Accepting Applications Now!
Spence-Chapin’s Adoption Mentorship Program connects middle and high school adoptees to adult adoptees to engage in fun interactive activities, conversations, and reflections. The program is overseen by Spence-Chapin’s licensed social workers. Through participation in monthly educational and social outings, our program empowers adoptees to make new friends, build self-confidence and better understand their adoption identities and experiences. Some previous activities have included ice skating, trips to aquariums and zoos, and classes on painting, fencing, pasta-making, mask-making, and more. The Mentorship Program provides an inclusive and safe space for Mentees to discuss any and all topics including identity, adoption history, and relationships.
Mentees benefit from forming peer relationships with other adopted youth and adult mentors, while forming an inclusive adoption community that can carry them through their teen years and beyond.
Middle or high school students in the tri-state area adopted internationally or domestically through Spence-Chapin or another adoption agency, the foster care system, or a private adoption attorney. Mentees are open to receiving support and guidance from an adopted adult and are able to be in a group setting and participate in structured activities. Our families join us from NYC, New Jersey, and Connecticut.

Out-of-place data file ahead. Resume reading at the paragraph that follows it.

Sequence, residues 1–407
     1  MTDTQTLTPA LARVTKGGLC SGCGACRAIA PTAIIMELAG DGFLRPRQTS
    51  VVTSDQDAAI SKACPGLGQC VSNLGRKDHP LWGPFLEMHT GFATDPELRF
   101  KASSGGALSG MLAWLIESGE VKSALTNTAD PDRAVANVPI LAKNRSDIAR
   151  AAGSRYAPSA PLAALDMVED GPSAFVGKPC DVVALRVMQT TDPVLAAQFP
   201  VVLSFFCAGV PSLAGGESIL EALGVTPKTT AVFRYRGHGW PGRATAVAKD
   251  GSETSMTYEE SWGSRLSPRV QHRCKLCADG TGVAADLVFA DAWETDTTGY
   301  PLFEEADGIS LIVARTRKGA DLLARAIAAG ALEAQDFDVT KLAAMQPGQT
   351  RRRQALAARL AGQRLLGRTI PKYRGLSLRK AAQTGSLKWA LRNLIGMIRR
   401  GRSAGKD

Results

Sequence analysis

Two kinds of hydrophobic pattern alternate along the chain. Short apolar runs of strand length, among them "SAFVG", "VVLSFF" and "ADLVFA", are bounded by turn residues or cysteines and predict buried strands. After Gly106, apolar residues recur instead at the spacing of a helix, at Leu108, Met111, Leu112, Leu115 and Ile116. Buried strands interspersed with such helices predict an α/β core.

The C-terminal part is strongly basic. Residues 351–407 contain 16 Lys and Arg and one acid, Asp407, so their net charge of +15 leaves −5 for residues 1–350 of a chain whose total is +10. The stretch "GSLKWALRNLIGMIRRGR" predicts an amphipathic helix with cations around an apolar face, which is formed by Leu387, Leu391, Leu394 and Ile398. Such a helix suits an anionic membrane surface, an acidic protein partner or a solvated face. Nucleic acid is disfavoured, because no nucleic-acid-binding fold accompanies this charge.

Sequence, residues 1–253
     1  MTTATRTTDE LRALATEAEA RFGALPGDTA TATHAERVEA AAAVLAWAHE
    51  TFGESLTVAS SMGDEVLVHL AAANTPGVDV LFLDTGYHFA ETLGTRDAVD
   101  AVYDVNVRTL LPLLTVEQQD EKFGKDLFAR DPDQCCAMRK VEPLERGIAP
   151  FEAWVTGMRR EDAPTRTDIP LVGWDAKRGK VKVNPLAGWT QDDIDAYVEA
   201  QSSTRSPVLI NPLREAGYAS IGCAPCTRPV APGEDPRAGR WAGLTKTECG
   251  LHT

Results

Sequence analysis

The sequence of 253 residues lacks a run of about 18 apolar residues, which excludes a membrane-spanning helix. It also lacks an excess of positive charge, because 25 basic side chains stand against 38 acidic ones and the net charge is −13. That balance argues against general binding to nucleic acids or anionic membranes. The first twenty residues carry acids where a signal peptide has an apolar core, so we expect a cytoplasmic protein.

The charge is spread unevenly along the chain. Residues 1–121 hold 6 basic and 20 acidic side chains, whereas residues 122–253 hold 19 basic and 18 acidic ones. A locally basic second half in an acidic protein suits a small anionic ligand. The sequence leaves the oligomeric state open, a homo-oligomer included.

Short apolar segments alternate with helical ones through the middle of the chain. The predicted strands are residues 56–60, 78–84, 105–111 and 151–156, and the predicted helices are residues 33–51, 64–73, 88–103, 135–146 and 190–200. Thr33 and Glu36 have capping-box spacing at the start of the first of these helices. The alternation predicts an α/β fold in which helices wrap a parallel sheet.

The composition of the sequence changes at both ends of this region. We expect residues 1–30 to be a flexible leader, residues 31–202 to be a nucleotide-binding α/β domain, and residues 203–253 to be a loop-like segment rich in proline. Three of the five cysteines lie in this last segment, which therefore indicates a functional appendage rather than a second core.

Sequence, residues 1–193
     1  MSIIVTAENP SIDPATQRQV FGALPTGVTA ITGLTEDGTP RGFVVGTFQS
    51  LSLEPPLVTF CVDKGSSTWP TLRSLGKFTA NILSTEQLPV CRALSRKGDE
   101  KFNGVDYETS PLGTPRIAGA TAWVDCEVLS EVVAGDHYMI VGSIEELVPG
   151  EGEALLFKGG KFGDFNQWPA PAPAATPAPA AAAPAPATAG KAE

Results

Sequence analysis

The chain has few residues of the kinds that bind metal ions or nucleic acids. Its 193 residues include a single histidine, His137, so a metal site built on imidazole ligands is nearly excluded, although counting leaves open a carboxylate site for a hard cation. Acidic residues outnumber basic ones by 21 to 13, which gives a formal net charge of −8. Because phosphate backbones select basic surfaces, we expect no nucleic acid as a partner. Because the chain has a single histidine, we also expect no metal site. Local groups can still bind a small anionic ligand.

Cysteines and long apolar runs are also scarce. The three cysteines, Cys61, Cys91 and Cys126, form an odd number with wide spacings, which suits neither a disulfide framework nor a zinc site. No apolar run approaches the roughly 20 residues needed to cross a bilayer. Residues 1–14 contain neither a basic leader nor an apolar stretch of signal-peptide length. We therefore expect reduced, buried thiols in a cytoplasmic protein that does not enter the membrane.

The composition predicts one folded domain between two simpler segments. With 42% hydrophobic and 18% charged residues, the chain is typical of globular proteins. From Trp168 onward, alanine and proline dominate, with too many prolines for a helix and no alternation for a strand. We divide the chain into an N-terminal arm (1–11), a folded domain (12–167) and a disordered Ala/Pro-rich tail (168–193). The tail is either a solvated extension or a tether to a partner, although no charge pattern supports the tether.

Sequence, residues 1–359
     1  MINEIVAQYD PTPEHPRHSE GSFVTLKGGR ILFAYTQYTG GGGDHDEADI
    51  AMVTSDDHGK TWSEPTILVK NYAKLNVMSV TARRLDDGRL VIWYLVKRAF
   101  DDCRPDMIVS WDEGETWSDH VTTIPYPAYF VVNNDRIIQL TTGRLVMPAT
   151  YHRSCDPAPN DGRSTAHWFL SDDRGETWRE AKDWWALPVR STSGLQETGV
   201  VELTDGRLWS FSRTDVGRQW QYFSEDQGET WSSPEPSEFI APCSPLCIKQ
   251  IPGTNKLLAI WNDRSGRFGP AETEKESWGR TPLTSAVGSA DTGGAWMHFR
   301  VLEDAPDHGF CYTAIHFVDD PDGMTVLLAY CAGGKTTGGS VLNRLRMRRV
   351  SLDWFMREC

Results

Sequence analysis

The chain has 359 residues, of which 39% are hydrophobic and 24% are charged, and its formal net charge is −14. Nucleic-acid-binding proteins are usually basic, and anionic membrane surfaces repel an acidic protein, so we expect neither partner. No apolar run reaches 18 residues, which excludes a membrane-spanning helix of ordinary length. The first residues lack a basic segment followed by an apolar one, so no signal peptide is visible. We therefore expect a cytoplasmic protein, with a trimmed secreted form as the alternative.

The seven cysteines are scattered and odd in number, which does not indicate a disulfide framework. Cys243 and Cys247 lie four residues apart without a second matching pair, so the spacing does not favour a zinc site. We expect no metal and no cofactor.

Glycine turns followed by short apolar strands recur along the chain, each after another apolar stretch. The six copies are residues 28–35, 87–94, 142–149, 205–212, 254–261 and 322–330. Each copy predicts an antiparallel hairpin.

Volunteers who are adopted, living in the tri-state area, and are in their twenties, thirties, and forties. All of our mentors are screened and trained by our licensed social work staff before entering the program. They serve as role models who can share their adoption story and experiences while encouraging mentees to ask questions, feel comfortable with their identities, and develop healthy self-esteem.
Rachel was born in The Bronx and raised in a predominantly Puerto Rican household. During a visit to Spence-Chapin to get non-identifying information about her adoption, Rachel was told she would make a great Mentor.
Born in South Korea and adopted at 2 ½ years old, Rebecca is often asked whether she is Chinese, Japanese, Mexican, or Native American Indian.
Andrew and his identical twin brother along with a sister were adopted from South Korea. Being in a mixed-race family of three Korean children highlighted that they were adopted since their parents are not Korean.
Doreen was born and raised in New York and is one of seven siblings. At 12 or 13 years old, her parents told her she was adopted. Since she was placed with an African-American family, she had no idea that she wasn’t their biological daughter.
Mentorship Program Cost
$500 per semester